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Coosa River near Wetumpka

Alabama’s water resources are important for economic growth and sustainability and for quality of life. The rivers, lakes, and streams in the state help to sustain communities, provide support for industries and jobs, generate power, irrigate crops, provide critical transportation avenues and links, maintain wildlife (habitat and diversity), and provide many opportunities for recreation. Management of these water resources must be based on periodic comprehensive assessments of the amount of water available in the state. Maintaining this valuable resource depends on wise stewardship of our watersheds.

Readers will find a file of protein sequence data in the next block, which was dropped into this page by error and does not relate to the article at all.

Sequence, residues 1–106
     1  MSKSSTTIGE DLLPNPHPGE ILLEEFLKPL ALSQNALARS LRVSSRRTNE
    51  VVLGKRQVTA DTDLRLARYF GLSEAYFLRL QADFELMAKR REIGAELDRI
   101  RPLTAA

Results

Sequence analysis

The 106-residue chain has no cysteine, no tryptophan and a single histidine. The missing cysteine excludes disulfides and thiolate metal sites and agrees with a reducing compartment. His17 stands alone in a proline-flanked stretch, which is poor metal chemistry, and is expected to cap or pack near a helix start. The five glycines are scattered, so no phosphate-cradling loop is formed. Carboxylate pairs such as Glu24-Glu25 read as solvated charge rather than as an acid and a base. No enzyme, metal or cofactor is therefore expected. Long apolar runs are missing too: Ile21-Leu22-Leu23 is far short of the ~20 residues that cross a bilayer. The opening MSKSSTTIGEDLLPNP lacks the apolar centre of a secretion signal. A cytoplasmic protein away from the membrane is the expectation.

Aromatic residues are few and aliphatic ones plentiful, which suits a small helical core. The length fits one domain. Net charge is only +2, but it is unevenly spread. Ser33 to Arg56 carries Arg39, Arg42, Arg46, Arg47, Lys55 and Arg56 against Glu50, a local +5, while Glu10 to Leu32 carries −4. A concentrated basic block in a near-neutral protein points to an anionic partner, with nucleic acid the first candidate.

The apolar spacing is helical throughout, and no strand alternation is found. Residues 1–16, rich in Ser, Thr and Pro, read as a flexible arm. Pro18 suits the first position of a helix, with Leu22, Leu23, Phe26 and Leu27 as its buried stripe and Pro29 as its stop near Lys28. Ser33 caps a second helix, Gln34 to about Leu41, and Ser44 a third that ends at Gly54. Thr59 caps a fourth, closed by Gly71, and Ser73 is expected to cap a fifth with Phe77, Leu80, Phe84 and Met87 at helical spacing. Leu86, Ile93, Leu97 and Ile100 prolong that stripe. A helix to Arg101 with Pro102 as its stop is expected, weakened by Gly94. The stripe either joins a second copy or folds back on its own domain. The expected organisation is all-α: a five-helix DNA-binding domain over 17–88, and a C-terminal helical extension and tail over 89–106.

Alabama has three sectors of water use: (1) public supply, (2) agriculture (aquaculture, golf courses, irrigation, and livestock), and (3) industrial, thermoelectric, and mining. Since 1950, when the United States Geological Survey (USGS) first conducted water-use compilations, important changes in water use have occurred over the years in Alabama. These changes have been driven by population growth, economic and industrial development, changes in technology, and compliance with state and federal laws. In the last few years, increased awareness of the value of water efficiency and conservation has resulted in more efficient use of water from Alabama’s rivers, lakes, reservoirs, and groundwater.